Another big difference for me is geography. With pregnancy #1, I lived in Oregon. I attended a prenatal yoga class and met other like-minded women. I seriously considered going to the gorgeous birthing center in town, but then opted to let my family practitioner deliver my baby in the small, rural hospital where my husband worked. I was so supported. It was so intimate. It was a wonderful birth experience. Everyone who worked with me during my labor and delivery read my birth plan and followed it. In fact, when I was pushing and ask my Doctor for some pain medication, he calmly waited for the contraction to stop and then asked me if I meant it and explained my very limited options. A very unique experience in our western world of trying to control labor and delivery with medications, metal devices, beds... I am very thankful.
Now I live in rural NW Pennsylvania. I love it here. But I do not love the corporate hospital or the lack of options pregnant women have. In fact, every woman here has 2 options: Use the hospital and get whichever OB is on-call OR .... what... OR WHAT? The first few months of my pregancy were filled with that question. You cannot have an easy labor and delivery if you are not comfortable with your surroundings and the people supporing you... I HATE the hospital here. I HATE the fact that I might have met the doctor who will be supporting me, or I might not.
Then Tara's book arrived... I have now hired a midwife and am excitingly preparing for a home birth! Below is the review I wrote months ago when I finished reading this book (the first time).
Little did I know, the book would arrive just days after I discovered that I was pregnant! Just long enough for me to begin to grapple with fear. The fear of labor & delivery. Something I didn’t experience in my first pregnancy. During my first pregnancy, I read Ida May Gaskin’s Guide to Childbirth. That book knocked my socks off! Here was birth story after birth story of women who enjoyed/cherished/delighted in their births experiences Positive birth stories… now that was a novel idea!
That book inspired me while writing my birth plan. I had a family practitioner that was my PCP and he was going to deliver the baby and be his/her Doctor. He was the expert on me! He was amazing. I delivered in a small, rural hospital. Everyone that worked with me read my birth plan and fully supported me. The nurse and aid even tried to set up the “squat” bar over the bed… I must have been the first person to request that. Unbelievable. I went into labor 5 weeks early, but from the time my water broke at 10pm till the time I started to push around 6:30am, I was calm and under control. I had my yoga mat and birthing ball. I had my mental mantra: “I was made for this.”. I had positive energy and support. The contractions were mere ocean waves rolling through my body. As long as I didn’t have to lie down, I could handle them. When it was time to push, I was surprised by the intensity and pain. I asked for pain meds. My supportive Doctor waited till the contraction passed and gently asked me if I was sure. I am so thankful for his support! I was able to birth my daughter naturally, but experienced a lot of internal and external tearing. My first reaction to her was relief and awe…awe that that little nugget caused me such pain!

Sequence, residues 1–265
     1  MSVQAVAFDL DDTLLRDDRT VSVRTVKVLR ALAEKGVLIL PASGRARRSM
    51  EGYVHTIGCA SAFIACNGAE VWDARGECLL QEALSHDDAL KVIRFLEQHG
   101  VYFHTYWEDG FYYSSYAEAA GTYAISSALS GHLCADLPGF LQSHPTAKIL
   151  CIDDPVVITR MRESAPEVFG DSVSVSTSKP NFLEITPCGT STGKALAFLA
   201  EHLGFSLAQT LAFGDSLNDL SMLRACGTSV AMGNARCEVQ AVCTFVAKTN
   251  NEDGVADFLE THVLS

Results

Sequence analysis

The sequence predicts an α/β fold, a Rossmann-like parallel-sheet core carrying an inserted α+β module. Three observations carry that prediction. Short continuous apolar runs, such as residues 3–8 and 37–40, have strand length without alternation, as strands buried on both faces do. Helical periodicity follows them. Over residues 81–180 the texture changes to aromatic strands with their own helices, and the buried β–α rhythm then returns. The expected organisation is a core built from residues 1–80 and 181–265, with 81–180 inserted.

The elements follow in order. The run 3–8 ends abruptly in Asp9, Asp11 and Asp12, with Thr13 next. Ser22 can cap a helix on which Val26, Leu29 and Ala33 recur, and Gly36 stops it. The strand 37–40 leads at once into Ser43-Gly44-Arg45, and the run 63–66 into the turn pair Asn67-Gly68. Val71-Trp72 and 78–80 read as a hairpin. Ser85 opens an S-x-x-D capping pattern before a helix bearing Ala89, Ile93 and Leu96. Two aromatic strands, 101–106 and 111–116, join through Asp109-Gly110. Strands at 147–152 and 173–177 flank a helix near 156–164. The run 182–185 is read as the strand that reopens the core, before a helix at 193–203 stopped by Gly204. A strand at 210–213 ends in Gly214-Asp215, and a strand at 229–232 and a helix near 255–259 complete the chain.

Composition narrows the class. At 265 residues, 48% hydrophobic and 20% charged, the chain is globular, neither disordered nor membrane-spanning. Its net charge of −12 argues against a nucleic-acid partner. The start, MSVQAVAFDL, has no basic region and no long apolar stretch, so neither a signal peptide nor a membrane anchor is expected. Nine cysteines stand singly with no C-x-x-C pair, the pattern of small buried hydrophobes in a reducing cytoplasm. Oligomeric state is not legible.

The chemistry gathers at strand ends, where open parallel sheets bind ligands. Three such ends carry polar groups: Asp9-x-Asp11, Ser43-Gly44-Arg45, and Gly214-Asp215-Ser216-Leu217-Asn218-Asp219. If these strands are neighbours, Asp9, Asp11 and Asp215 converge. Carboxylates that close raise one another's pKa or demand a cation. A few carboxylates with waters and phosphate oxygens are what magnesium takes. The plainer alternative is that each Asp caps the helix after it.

I’m telling you this so that you know why I had such mixed reactions while reading Birth Unhindered. After the first few chapters, the pit of dread in my stomach grew. I had forgotten about the “ring of fire”. The birth stories, though incredible, were bringing the pain of pushing back to me.
Then an amazing thing began to happen. As I hungrily read each birth story, I began to believe in myself. My own power. I no longer live near that supportive Doctor or small town hospital. I have one option: a corporate hospital where you get whichever OBGYN is on call. The only thing that scares me more than pushing another child through my birth canal… is that impersonal corporation/ hospital.
I had researched Birthing Centers, and there are NONE within a 2-hour radius. Yes, I knew that Tara, the author, had done home births, but though I respected her, I had always thought that a home birth was WAY too hippy for me. I couldn’t imagine relaxing in my own home. Wouldn’t I feel compelled to do housework or disgust at myself for not doing housework? Wouldn’t it make an awful mess?
Chapter after chapter, the transformation took hold. As I neared the end of the book, I made a tentative mention to my husband that the idea of a home birth with a midwife was beginning to sound appealing. Much to my surprise, he sounded like he’d been thinking of this option all along (though he hadn’t). His complete acceptance and willingness to look into this idea gave me confidence.
It was with a sad heart that I finished this book. Whether I find a midwife or not, I am once again empowered. Less naïve then my previous birth, but less scared then before I read Unhindered Birth. I’m excited about my pregnancy and eager to write my birth story (perhaps one that includes a birthing pool on my 2nd story deck overlooking the forest?).
WIN IT! open to residents of US/Canada
Win a copy of Birth Unhindered, by Tara McGuire.
*TO ENTER: Please leave a comment sharing either your own positive birth experience, share what your dream birth experience would be OR simply share a positive thing/story/idea you've heard about birth. If you do not plan on having kids yourself, this book is still eye opening and a great thing to share!
Winner will be chosen by random.org. All entries must be completed by 11:59pm November 2nd, 2010. Winners will be notified via email and will have 48 hours to respond before another winner is chosen.